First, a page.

After a train ride to Beijing, a night in a hostel, a bus ride, and then a car ride, we arrived at what people say is perhaps the best preserved, least Disneyfied portion of the Great Wall. Some English teacher friends wanted one last fling before the regular semester starts so we tagged along.
See more photos here!
Hiking the parts of the Great Wall that haven’t been recently restored is great, and not just because it’s the Great Wall and the scenery is fantastic and you’re alone most of the time and it’s quiet (blessed, blessed silence!) and the air is clean(er) and you get good exercise. There’s an element of mild peril to all these steep, crumbing staircases and watchtowers. It’d be so easy to fall and bust something as you climb up and down steep, slippery, debris-strewn slopes or uneven, narrow stairs, never mind having something bust and fall on you in the cracked and disintegrating towers. They’d never let you play on this kind of stuff in North America; it’d have paved, even steps and guard rails and bracing everywhere. But this is China; the courts protect The Man from the people, not the other way around. When you’re hiking the Great Wall, that’s both a good and a bad thing, as we found out yesterday.
We hiked from 11am to 4:30pm – it was exhausting because it’s all up and down and when there are steps, they’re tall and uneven. But the view, the clean(er) air, the exercise, and quietness – oh, the quietness! – made it so worth it.
Sadly, when you look our across the hills and mountains you can’t avoid seeing the pollution haze on the horizon, and the scattered patches of recently planted pine trees on the otherwise treeless slopes highlight the history of environmental abuse. Still, it beats Tianjin, and it sure beats the even noisier and dirtier Beijing (I am so glad we chose to study in Tianjin instead of Beijing – yuck).
Takin’ it from The Man
The no-so-cool part of the trip is where they forced us to pay almost the whole entrance fee again and then pay to cross a bridge, just so we could get off the wall to the parking lot where our car was waiting. We’d sort assumed that the fee to enter the park included the ability to exit the park, but it didn’t. Halfway along the hike they post signs declaring it a different “scenic area” – not that you could get off the wall at that point even if you wanted to. Then before you reach the end there are two guys with official-looking badges and tickets blocking the path along the Wall. They tell you if you don’t want to pay, that’s fine, you can just go back the way you came (4+ hours of hiking!). It was like finding out at the end of a meal that there’s another fee for eating more than the half the food. It’s really sort of a token “China experience”; no one has sympathy for this kind of story because almost everyone has experienced far worse. Not to be cynical, but when little things like this happen and you’ve been reading your Chinese history and current events, you get the impression that getting taken advantage of by those above you is just as much a part of experiencing China as hiking the Great Wall. Thankfully, we only experience it in little ways like this.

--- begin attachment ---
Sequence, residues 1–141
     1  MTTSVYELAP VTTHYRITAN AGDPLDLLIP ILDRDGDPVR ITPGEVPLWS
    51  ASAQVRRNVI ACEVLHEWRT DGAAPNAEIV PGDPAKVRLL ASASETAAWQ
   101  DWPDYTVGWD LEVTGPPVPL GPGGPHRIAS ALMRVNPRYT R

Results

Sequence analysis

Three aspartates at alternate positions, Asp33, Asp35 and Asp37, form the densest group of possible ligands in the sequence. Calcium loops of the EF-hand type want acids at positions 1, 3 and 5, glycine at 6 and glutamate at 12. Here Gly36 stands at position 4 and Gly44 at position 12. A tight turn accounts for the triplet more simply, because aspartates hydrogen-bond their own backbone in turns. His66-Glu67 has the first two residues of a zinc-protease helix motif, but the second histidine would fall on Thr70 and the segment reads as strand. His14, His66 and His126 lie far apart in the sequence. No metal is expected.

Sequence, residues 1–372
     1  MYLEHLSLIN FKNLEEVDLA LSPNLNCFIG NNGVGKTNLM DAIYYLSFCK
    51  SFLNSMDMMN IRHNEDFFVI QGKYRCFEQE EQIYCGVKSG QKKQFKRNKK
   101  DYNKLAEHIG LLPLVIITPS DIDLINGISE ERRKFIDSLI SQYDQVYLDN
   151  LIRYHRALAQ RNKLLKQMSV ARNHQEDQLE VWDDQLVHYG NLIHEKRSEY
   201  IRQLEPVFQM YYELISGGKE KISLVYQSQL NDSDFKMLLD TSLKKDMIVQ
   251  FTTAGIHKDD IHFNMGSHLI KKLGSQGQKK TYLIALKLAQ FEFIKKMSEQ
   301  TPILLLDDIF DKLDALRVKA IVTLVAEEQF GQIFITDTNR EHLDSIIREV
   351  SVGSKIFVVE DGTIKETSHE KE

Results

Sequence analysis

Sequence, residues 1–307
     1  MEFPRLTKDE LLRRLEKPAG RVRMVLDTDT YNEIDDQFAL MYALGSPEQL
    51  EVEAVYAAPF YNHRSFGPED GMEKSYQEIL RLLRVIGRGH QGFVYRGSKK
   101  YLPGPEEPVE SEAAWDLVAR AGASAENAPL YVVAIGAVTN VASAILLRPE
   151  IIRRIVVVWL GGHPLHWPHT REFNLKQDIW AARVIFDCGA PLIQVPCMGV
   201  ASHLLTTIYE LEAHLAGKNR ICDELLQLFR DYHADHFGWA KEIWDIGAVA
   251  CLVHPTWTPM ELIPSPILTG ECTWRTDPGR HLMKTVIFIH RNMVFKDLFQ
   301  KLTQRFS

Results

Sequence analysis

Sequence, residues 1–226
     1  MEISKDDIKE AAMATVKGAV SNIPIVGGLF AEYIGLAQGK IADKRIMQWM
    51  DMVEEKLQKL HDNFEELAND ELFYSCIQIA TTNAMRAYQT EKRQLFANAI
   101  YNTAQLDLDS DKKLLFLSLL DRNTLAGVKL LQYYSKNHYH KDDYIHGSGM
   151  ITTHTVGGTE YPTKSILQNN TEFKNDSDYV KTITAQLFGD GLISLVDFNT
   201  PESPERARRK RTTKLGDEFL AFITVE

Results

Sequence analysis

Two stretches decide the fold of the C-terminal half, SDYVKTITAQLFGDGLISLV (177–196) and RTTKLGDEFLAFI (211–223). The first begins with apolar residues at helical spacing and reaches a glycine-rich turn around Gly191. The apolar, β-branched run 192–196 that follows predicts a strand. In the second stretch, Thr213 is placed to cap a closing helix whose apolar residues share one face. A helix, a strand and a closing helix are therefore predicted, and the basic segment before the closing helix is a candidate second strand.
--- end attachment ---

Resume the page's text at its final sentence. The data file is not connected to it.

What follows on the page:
But to end on a happy note, we met a famous celebrity from Taiwan (and his film crew) on the Wall! Jackie Wu (å³å®—æ†² – it was the first time we’d ever heard of him, but he and everyone else assured us he’s very famous) was there filming a game show/reality show called “Big Spender” and they had horses and crazy costumes and stuff. The producer was a European guy and he explained it all to us, saying that “reality” TV doesn’t really work in China because people won’t fight on camera, so it’s more of a game show where teams in different cities get tons of money to spend and whoever spends it most wisely on the best quality stuff gets to keep everything they bought.
Make sure you check out the photos! We took lots, and there are some fun ones.